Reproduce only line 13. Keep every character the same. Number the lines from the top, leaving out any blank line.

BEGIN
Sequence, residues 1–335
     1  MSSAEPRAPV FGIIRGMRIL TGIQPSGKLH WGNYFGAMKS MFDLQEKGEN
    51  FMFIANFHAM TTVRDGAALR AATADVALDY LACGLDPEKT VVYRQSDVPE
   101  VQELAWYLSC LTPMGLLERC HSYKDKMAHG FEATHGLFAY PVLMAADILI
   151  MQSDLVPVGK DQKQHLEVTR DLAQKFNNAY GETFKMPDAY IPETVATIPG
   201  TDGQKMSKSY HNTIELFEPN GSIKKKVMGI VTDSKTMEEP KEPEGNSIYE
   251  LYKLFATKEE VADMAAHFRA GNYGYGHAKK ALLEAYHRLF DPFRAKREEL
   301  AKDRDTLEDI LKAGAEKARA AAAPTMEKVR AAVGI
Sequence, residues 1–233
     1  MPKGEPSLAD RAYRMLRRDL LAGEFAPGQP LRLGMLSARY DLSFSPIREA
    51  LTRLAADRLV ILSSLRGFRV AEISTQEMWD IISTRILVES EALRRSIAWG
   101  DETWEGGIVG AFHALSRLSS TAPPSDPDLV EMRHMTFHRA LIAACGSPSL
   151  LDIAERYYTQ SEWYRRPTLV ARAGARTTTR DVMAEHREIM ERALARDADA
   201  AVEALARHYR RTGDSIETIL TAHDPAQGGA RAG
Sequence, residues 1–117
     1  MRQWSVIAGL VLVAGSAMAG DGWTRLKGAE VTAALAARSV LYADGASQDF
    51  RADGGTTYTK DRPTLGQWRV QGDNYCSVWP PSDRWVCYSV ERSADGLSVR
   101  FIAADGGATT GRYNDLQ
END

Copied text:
   151  LDIAERYYTQ SEWYRRPTLV ARAGARTTTR DVMAEHREIM ERALARDADA